Chelle Neff | Crain's Austin

In this ongoing series, we ask executives, entrepreneurs and business leaders about mistakes that have shaped their business philosophy.

Chelle Neff

Background:  

Urban Betty Salon is one of Austin’s largest independent hair and makeup salons. Its stylists can accommodate every kind of taste and style, from soccer mom to hipster millennial to just plain hippie. 

The Mistake:

I moved to Austin out of Abilene the day after I graduated from high school. I had studied cosmetology, and had worked as a receptionist at Supercuts in Abilene, so I thought I’d do that and see if I liked it. Eventually, I moved to another salon and worked my way up through the ranks. I learned to do wedding hair and color, and when I got confident at that, I moved to one of the more elegant salons and built up a nice clientele.

When I finally had a loyal following, I went to work at a cool hip downtown salon. I’d been there for about a year when it went through a restructuring and wound up cutting the stylists’ pay by 5 percent. It turned out to be a great thing because it forced me into becoming an independent contractor. I rented part of a suite, and that was the stepping stone to opening my own business.

In 2005, I opened Urban Betty in 1,500 square feet with six chairs. I brought over another stylist as an independent contractor. I took out all the business loans and bootstrapped it myself. I was doing hair six days a week. Slowly,  people came and kept coming back. I rented my chairs out to independents or “booth-renters.” I didn’t want to be anyone’s boss, I just wanted enough booth-renters to pay the rent. My plan was to make my money by doing hair; I figured I’d get 100 percent of that. I was only 27 years old. What did I know about all the expenses that go into running a business?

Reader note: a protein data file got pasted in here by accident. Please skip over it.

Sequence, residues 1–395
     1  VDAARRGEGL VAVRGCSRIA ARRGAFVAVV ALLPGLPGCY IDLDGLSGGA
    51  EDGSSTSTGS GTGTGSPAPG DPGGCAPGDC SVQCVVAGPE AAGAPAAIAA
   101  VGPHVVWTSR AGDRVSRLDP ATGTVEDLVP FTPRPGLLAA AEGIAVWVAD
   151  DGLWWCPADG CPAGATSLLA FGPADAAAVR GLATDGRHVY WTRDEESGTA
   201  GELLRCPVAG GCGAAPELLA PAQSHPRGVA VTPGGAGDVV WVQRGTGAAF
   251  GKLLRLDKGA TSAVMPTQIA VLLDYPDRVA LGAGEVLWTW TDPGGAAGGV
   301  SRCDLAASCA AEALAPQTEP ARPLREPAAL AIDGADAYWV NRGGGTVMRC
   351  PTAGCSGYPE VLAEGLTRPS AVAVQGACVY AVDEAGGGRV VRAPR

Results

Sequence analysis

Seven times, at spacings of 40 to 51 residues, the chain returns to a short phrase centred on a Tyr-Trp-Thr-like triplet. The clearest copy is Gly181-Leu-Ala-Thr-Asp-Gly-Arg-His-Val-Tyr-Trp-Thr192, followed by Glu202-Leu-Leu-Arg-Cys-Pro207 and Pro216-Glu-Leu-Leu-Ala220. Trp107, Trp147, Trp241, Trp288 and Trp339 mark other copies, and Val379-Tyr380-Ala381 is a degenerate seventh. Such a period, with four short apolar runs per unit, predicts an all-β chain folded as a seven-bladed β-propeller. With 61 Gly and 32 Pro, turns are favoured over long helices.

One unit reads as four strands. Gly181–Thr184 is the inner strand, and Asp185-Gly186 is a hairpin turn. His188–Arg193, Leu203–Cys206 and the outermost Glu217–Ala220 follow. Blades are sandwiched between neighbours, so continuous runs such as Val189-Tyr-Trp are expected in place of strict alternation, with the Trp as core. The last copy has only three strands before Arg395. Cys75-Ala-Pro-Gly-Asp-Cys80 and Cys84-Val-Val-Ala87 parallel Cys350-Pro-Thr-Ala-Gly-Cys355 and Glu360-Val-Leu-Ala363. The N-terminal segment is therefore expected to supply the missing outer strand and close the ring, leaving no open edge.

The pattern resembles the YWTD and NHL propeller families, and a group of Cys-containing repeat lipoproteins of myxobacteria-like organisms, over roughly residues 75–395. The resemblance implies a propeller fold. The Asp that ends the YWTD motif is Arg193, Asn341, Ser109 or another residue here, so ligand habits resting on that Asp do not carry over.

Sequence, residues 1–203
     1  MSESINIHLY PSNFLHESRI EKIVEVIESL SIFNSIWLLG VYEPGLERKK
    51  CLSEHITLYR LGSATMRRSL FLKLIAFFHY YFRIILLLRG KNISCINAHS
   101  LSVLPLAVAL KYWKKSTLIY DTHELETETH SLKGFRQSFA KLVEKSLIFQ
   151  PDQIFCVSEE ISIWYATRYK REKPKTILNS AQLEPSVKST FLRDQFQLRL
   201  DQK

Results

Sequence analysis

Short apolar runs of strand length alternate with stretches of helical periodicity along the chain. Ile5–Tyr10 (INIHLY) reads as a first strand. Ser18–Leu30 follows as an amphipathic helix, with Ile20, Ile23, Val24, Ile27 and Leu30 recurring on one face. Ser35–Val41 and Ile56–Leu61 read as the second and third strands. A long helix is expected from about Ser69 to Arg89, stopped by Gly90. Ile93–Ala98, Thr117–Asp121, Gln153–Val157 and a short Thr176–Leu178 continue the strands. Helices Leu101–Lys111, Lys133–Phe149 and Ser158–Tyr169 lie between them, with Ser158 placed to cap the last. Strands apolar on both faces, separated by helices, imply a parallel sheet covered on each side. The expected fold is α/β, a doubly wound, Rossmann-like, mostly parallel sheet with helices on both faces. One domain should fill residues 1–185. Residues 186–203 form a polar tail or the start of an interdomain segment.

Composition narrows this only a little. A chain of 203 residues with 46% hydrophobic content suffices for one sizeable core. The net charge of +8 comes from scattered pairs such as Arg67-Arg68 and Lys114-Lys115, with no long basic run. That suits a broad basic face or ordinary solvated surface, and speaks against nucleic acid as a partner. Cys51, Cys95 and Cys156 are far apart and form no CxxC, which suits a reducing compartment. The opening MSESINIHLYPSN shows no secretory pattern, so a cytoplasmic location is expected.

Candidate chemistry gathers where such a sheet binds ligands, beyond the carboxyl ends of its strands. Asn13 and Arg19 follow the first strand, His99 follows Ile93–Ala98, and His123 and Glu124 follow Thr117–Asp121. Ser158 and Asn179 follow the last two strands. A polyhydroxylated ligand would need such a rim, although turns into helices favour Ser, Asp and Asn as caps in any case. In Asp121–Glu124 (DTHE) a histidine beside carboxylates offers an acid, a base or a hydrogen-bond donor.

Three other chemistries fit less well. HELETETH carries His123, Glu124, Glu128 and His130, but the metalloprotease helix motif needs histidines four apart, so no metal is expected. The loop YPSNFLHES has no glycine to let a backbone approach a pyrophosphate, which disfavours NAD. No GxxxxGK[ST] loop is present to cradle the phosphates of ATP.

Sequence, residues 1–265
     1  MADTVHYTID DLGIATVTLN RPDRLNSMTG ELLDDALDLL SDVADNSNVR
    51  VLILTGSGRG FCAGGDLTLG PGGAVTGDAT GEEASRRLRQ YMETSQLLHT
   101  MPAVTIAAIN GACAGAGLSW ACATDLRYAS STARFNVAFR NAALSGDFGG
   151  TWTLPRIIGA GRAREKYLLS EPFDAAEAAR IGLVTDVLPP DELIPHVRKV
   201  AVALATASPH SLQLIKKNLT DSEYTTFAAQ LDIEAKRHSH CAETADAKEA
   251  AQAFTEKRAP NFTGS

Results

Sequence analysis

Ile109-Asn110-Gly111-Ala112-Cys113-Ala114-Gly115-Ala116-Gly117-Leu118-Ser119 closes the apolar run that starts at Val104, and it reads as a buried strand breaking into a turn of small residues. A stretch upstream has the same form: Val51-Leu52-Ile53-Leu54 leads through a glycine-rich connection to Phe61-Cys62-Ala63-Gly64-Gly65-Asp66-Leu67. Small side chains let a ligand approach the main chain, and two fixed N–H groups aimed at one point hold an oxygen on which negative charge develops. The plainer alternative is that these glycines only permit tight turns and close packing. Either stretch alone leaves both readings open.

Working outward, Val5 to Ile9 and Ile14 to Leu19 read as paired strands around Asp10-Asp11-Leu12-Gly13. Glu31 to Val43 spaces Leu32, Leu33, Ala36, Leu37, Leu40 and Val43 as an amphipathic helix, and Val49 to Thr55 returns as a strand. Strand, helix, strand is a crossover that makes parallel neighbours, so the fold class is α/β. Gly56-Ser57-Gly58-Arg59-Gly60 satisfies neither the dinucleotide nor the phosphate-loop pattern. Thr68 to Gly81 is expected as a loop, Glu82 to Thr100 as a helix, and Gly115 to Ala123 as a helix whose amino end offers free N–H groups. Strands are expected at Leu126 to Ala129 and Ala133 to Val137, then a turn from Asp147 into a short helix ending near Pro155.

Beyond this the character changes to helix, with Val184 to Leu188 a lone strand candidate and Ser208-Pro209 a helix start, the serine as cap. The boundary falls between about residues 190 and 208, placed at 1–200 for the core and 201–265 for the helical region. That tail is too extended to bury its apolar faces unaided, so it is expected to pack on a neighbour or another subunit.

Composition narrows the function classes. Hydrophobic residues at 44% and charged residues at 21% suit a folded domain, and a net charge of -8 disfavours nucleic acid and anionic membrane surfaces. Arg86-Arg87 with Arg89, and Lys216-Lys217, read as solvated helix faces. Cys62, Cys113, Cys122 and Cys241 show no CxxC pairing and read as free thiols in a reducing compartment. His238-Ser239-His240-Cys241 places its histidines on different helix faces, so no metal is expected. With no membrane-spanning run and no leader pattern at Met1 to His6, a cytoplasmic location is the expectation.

Then one day, a girl called me and said she really wanted to come work for me and be my assistant – as an employee. She had been working with someone I knew, and that salon had closed. I didn’t want all the legal hassle and responsibility of an employee. But I finally brought her on, and after a few months I decided it wasn’t that hard. I put her on the floor doing hair, and found that having an employee was much better for me financially than having booth-renters with their own stations who came in only when they wanted to.

If I had I stayed with the idea of not wanting to be anyone’s boss, my salon would have failed.

The Lesson:

If I could go back in time, I would have never worked with independent contractors. I would only have commissioned employees. Now when I help mentor other salon owners and people in the industry, I tell them not to get involved with booth-renters. It seems easier, but it will bite you in the long run. Until you're actually in business, you don't listen to the advice that can really help prevent the kind of mistake you don't want to make.

Now it’s 100 percent employees – closing in on 30 – at Urban Betty. Everyone is happier and produces better under this structure. There’s nothing wrong with independent contractors, as long as your salon is all independents. My goal was to own, manage and market a salon. At the end of this year, I’m going to retire from doing hair. I’m just going to be managing. People have no idea how much money it takes to run a salon. If I had I stayed with the idea of not wanting to be anyone’s boss, my salon would have failed. I’d still be behind the chair full-time.

Follow Chelle Neff on Twitter at @UrbanBetty

Pictured: Chelle Neff | Photo courtesy of Urban Betty Salon

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